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San Diego Schools Superintendent To DeVos: Put Fact Before Ideology

Credit: Associated Press

Above: Vice President Mike Pence, right, swears in Education Secretary Betsy DeVos, left, in the Eisenhower Executive Office Building in the White House complex in Washington, Tuesday, Feb. 7, 2017.

Local educators say they will be watching what comes out of D.C. following the confirmation of Betsy DeVos as education secretary.

San Diego educators say they are watching what comes out of Washington, D.C. following the confirmation of Betsy DeVos as education secretary Tuesday afternoon.

Her confirmation was pushed through by Vice President Mike Pence’s historic tie-breaking vote. DeVos was criticized for having no experience in the public school system and for her support of school vouchers, which would give students public dollars to attend private schools.

San Diego Unified Superintendent Cindy Marten said Tuesday she hopes DeVos will acknowledge public education success stories, like her district’s 92 percent graduation rate.

“I think it's important that the new Secretary of Education is able to pay attention to strategies and research-based practices that work before sweeping policy changes would be made,” Marten said.

She said she is especially concerned about funding for special education and programs for low-income students.

"We would have great concern if there would be significant and vast, quick changes in federal policy, especially funding and programming, if the decisions were made on ideology rather than fact," Marten said.

She said the district is keeping an eye out for quick changes that might affect the budget process already in progress but didn't have any predictions. Marten said one thing that would not change under new leadership is what's happening in classrooms as a result of the Common Core standards. Several states, including California, opted into the new framework under the Obama administration.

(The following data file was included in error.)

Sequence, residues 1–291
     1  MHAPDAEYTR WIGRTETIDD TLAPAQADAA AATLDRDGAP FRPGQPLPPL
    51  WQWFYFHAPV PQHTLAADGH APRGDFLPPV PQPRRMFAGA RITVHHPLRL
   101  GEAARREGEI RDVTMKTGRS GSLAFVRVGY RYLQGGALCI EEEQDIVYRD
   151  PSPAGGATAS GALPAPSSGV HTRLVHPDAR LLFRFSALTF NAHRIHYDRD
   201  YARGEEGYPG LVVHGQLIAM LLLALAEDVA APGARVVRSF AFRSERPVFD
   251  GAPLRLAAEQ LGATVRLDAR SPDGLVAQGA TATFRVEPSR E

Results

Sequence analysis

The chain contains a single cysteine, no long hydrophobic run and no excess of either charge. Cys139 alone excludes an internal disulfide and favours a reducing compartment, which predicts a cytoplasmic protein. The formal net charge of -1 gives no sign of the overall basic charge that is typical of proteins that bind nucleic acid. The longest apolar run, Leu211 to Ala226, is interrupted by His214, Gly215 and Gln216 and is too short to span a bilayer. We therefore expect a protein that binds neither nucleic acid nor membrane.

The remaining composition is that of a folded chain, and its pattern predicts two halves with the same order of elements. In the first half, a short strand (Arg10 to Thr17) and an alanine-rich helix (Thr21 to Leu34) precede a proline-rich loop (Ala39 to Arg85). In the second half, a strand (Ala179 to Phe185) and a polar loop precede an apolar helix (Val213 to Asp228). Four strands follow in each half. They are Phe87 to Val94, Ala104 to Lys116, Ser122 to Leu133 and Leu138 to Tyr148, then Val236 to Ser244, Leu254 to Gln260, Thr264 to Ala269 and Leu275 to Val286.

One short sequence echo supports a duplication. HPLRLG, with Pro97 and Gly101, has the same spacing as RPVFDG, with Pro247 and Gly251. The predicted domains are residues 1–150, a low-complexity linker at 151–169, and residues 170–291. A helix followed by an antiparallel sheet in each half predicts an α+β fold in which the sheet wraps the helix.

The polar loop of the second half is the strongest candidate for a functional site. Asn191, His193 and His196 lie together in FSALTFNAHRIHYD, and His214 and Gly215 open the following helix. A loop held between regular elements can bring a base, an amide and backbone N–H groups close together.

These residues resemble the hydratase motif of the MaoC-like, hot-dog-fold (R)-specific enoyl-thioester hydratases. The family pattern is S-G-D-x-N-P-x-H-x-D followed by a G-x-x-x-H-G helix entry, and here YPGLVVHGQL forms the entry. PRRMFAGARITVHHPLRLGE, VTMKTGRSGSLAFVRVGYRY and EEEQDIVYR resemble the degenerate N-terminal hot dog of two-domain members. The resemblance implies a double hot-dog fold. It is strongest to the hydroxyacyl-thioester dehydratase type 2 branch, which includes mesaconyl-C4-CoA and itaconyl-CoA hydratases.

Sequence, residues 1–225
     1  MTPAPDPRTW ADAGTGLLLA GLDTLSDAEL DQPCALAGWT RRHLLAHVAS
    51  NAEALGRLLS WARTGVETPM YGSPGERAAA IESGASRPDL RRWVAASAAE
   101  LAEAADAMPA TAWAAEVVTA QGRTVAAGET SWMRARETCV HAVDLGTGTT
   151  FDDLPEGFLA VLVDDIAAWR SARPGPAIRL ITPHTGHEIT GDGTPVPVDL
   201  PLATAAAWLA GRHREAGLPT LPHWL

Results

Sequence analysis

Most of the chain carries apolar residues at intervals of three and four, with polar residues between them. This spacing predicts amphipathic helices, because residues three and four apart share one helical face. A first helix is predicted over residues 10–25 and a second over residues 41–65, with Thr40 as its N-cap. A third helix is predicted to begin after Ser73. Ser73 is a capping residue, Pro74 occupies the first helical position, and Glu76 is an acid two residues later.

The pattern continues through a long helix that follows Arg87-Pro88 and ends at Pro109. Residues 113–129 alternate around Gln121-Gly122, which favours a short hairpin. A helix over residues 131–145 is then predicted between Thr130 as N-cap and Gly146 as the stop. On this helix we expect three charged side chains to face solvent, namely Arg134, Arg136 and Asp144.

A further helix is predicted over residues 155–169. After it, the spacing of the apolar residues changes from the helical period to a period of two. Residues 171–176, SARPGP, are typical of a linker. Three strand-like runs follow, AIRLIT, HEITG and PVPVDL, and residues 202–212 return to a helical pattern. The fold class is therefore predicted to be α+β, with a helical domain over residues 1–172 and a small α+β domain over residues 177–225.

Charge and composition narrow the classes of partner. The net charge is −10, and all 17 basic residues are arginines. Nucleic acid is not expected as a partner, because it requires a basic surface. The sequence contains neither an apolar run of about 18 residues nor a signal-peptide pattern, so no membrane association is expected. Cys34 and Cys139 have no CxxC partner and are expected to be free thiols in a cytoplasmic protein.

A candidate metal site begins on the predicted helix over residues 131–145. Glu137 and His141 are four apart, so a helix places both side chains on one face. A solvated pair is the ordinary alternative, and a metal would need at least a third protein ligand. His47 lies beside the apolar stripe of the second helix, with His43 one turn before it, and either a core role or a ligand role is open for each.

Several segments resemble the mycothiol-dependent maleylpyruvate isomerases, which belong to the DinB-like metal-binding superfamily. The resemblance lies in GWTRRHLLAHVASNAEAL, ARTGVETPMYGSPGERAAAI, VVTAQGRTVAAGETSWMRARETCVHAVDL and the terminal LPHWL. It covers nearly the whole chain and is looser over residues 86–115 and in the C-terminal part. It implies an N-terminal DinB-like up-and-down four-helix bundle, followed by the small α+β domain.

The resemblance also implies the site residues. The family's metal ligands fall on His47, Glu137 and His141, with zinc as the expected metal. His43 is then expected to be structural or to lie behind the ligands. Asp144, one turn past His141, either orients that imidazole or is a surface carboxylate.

"For us Common Core has been about critical thinking, and we've always believed that we needed to shift instructional practices in the classroom for students with or without Common Core," Marten said. "With or without the federal government saying it's there or not there, we have shifted how we teach. Whether the policy changes or not, we have already shifted."

The California Federation of Teachers issued the following statement Tuesday:

Despite an unprecedented surge of opposition and protest, the United States Senate voted to confirm Betsy DeVos as the nation’s 11th Secretary of Education on Tuesday. The California Federation of Teachers is extremely disappointed in the confirmation of this unqualified candidate to lead our nation’s education system.


Teachers, classified workers, students, parents and policy makers from both sides of the aisle overwhelmingly opposed the confirmation of Betsy DeVos. Her lack of skills, knowledge and direct experience with public education is deeply unsettling and bodes poorly for our students. As Ms. DeVos’ substantial political donations to the very Senators who voted for her are part of the public record, her advancement signals the dangerous role money is playing in policy development. California’s six million K-12 public school students and three million public college and university students deserve better.


That Mike Pence became the first Vice President called upon to cast a tie-breaking vote on a cabinet nominee speaks to DeVos’s lack of broad support. It is unfortunate that someone so openly anti-public education is running public education. The California Federation of Teachers will continue to stand with students, their families, and the broader public to fight for quality public education and against the disastrous policies of the Trump administration.

KPBS reached out to the Diocese of San Diego, which operates private schools that could benefit from a voucher program under DeVos. Its director of schools is at a conference and is unavailable.

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